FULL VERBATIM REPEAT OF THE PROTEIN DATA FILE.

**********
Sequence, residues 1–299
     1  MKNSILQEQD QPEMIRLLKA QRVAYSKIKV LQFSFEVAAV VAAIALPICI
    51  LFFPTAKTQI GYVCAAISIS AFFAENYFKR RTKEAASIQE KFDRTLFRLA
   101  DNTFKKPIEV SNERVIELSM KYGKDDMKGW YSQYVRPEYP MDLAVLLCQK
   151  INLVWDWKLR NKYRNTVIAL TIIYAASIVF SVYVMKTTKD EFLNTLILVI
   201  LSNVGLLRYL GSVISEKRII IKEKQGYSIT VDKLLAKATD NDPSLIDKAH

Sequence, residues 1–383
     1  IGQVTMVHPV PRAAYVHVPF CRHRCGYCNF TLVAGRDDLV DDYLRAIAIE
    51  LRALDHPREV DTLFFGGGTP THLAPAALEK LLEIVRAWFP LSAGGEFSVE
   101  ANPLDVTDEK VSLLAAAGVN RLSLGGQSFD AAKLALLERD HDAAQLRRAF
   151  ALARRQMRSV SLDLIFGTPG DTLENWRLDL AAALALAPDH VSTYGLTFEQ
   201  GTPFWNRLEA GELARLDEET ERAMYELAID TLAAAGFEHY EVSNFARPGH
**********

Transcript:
Sequence, residues 1–299
     1  MKNSILQEQD QPEMIRLLKA QRVAYSKIKV LQFSFEVAAV VAAIALPICI
    51  LFFPTAKTQI GYVCAAISIS AFFAENYFKR RTKEAASIQE KFDRTLFRLA
   101  DNTFKKPIEV SNERVIELSM KYGKDDMKGW YSQYVRPEYP MDLAVLLCQK
   151  INLVWDWKLR NKYRNTVIAL TIIYAASIVF SVYVMKTTKD EFLNTLILVI
   201  LSNVGLLRYL GSVISEKRII IKEKQGYSIT VDKLLAKATD NDPSLIDKAH

Sequence, residues 1–383
     1  IGQVTMVHPV PRAAYVHVPF CRHRCGYCNF TLVAGRDDLV DDYLRAIAIE
    51  LRALDHPREV DTLFFGGGTP THLAPAALEK LLEIVRAWFP LSAGGEFSVE
   101  ANPLDVTDEK VSLLAAAGVN RLSLGGQSFD AAKLALLERD HDAAQLRRAF
   151  ALARRQMRSV SLDLIFGTPG DTLENWRLDL AAALALAPDH VSTYGLTFEQ
   201  GTPFWNRLEA GELARLDEET ERAMYELAID TLAAAGFEHY EVSNFARPGH